- Exposure to potential operational incidents, including those originating at a CSP. Many financial institutions have expressed concern that a cyber vulnerability or incident at one CSP may potentially have a cascading impact across the broader financial sector. While cloud services can have potential benefits for resilience and security, financial institutions are still exposed to risks associated with technical vulnerabilities at CSPs and face practical challenges to mitigating such risks or migrating their operations to another provider.
- Potential impact of market concentration in cloud service offerings on the financial sector’s resilience. The current market is concentrated around a small number of CSPs, which means that if an incident occurs at one CSP, it could affect many financial sector clients concurrently. This concentration likely exists across banking, securities, and insurance markets, but Treasury and the financial regulators need to close significant data gaps to assess how the sector might be affected by this type of incident. Nonetheless, Treasury believes that there are opportunities to enhance cooperation among financial regulators and between the public and private sectors.
- Dynamics in contract negotiations given market concentration. The limited number of CSPs may give CSPs outsized bargaining power when contracting with financial institutions. This outsized negotiating advantage could limit the ability of financial institutions, particularly smaller financial institutions, from negotiating advantageous contractual terms for cloud services.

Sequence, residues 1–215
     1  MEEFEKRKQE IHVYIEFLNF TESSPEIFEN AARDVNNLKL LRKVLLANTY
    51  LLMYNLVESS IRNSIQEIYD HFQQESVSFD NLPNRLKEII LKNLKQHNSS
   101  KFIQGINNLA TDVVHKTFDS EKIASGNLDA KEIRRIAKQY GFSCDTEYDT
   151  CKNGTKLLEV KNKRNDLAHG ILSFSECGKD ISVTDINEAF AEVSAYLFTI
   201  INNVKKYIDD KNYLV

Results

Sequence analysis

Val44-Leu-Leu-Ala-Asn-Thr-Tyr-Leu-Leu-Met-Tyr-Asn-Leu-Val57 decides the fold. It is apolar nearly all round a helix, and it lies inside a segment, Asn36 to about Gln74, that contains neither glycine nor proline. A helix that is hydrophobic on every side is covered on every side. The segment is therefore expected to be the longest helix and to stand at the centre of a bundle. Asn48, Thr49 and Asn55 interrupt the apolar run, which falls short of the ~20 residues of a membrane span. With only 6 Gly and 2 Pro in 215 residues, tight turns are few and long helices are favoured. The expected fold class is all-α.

- International landscape and regulatory fragmentation. The patchwork of global regulatory and supervisory approaches to cloud technology can make it nearly impossible for U.S. financial institutions to adopt cloud consistently at a global scale, reducing CSP use in the market and raising costs for cloud adoption strategies, which ultimately impacts consumers. Additionally, changes in regulations abroad may subject CSPs to direct oversight by foreign financial regulators, which could create regulatory conflicts negatively impacting the quality and security of services to all CSP clients.
As part of addressing these challenges head on, Treasury has developed recommendations that may assist the financial sector in realizing the benefits of cloud services in a way that is safe, secure, and responsible. To execute these recommendations, Treasury will continue working with U.S. financial regulators and other agency partners, as well as financial firms and CSPs. It is also launching an interagency Cloud Services Steering Group within the next year that will address a number of the issues identified in the report through:
- Closer domestic cooperation among U.S. regulators on cloud services.
- Additional tabletop exercises with the private sector.
- Development of best practices for cloud adoption frameworks and cloud contracts.